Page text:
Woman, 19, accused of murdering son denies knowing she was pregnant, court hears

Paris Mayo is accused of inflicting complex skull fractures on Stanley Mayo at her parents’ home in Ross-on-Wye in March 2019.

A teenage mother accused of murdering her newborn son has denied ever knowing she was pregnant, a court heard.

Paris Mayo is accused of inflicting complex skull fractures on baby Stanley Mayo at her parents’ home in Springfield Avenue, Ross-on-Wye, Herefordshire on March 23 2019.

It is alleged that after inflicting the fractures, possibly caused by her foot on his head, Mayo then stuffed five pieces of cotton wool into his mouth – two of which were found deep in the throat.

Paris Mayo is giving evidence for the first time during her murder trial at Worcester Crown Court (Jacob King/PA)
Paris Mayo is giving evidence for the first time during her murder trial at Worcester Crown Court (Jacob King/PA)

After giving birth in a living room, Mayo is accused of putting Stanley’s body in a bin bag and leaving it on the front doorstep of their home before going upstairs to bed.

Stanley’s remains were discovered the following morning by Mayo’s mother who had looked inside the bloodstained bag.

Giving evidence for the first time in her trial, the 19-year-old said she never knew she was pregnant.

Worcester Crown Court heard Stanley had been conceived in the summer of 2018 and by the autumn Mayo was suffering from sickness and back and abdominal pain.

Bernard Richmond KC, defending, asked whether at any time before Stanley was born she knew she was pregnant.

“No, I was always scared of the thought I might be. I had never taken a test and it telling me I was pregnant,” Mayo told the jury.

“I was more suspicious I could have been, rather than actually knowing if I was or not.

“I would just try and make excuses to myself to what I thought was wrong. I was worried I might be as I was putting on weight, but I was trying to put it down to other things.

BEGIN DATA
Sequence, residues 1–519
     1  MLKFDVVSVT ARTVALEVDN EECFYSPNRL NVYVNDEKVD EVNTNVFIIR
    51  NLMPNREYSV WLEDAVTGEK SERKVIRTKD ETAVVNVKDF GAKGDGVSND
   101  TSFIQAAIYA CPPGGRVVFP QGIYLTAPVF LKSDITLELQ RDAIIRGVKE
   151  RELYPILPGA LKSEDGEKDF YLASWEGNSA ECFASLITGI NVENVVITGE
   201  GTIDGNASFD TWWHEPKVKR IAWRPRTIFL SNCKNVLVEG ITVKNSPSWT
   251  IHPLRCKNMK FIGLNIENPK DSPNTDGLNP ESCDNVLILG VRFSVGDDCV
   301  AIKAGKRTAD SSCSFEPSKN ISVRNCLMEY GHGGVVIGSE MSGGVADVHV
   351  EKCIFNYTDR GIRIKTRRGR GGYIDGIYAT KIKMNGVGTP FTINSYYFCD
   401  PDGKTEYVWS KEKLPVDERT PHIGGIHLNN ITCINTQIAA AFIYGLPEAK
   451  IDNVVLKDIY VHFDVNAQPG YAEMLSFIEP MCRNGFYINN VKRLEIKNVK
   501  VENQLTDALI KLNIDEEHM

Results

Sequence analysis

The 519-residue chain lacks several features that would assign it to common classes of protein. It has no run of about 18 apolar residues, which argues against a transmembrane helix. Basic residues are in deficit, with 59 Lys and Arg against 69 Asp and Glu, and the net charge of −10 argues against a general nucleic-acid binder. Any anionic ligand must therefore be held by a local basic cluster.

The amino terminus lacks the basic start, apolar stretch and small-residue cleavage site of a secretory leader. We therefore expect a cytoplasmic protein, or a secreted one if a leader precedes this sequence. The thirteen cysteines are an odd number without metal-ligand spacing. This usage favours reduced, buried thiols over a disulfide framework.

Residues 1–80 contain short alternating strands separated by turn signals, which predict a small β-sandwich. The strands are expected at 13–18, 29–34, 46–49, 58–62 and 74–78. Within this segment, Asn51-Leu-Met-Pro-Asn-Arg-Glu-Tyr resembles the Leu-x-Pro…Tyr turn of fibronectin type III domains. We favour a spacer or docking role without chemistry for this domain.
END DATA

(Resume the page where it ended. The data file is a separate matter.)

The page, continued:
“I was eating bigger portions of food and eating throughout the day.”

Mr Richmond asked: “Was there a stage before the birth you said to yourself, ‘I am pregnant’?”

Mayo replied: “No.”

Describing her on and off sickness in the autumn of 2018, Mayo told the court: “I think there were times when I was sick, but it would go back and come away – it was irregular.

“I thought it was a stomach bug that went away, or I had eaten something that disagreed with me.”

Mr Richmond asked: “Did you ever equate that with being pregnant?”

Mayo replied: “No.”

Jurors were told Mayo had been taken to see her GP in October 2018 by her mother and during the examination was asked if she was having sex.

Mayo told the court: “She asked me at that time if I was having sex and at that time I told her no because at that time I wasn’t,” she said.

“I think I must have misunderstood how she was asking it. I felt like I could have told her if I felt comfortable enough, but I didn’t know how to go about it.”

Mr Richmond asked if her mother knew she had been having sex and Mayo replied: “I think she knew I had but she thought I had stopped having sex with people.

“I think she knew before that I had lost my virginity but believed I had stopped having sex with people.”

The jurors were told Stanley would have been conceived when Mayo was 14 with the teenager losing her virginity at 13.

Explaining why she started having sex so young, Mayo said: “I just thought it was a way to get people to like me because I was quite insecure about the way I looked and the way I was made to feel about myself at home because my family situation was quite bad.

“I was always being patronised and belittled and told I was worthless. I just wanted to feel a bit more validated and the way I felt to get that was to have sex with people.”

Mayo explained her father was in poor health, including heart problems and diabetes, and died in April 2019.

Prior to his death, she would help care for him and would prepare meals and do the shopping and tidy the house but described him as a “bully”.

“He put a lot of pressure on us to be the kids he wanted us to be, rather than what we wanted to be,” she said.

“It was like he thrived on us being scared of him because he knew he had the control over us and that authority over us and we would do everything he wanted because we were scared of upsetting him.

“He would shout at us and tell us we were not kids of his.”

Asked if she loved her father and whether she missed him, Mayo fought back tears and said: “I loved my Dad.”

Mayo, of Ruardean, Gloucestershire, denies murder and the trial continues.

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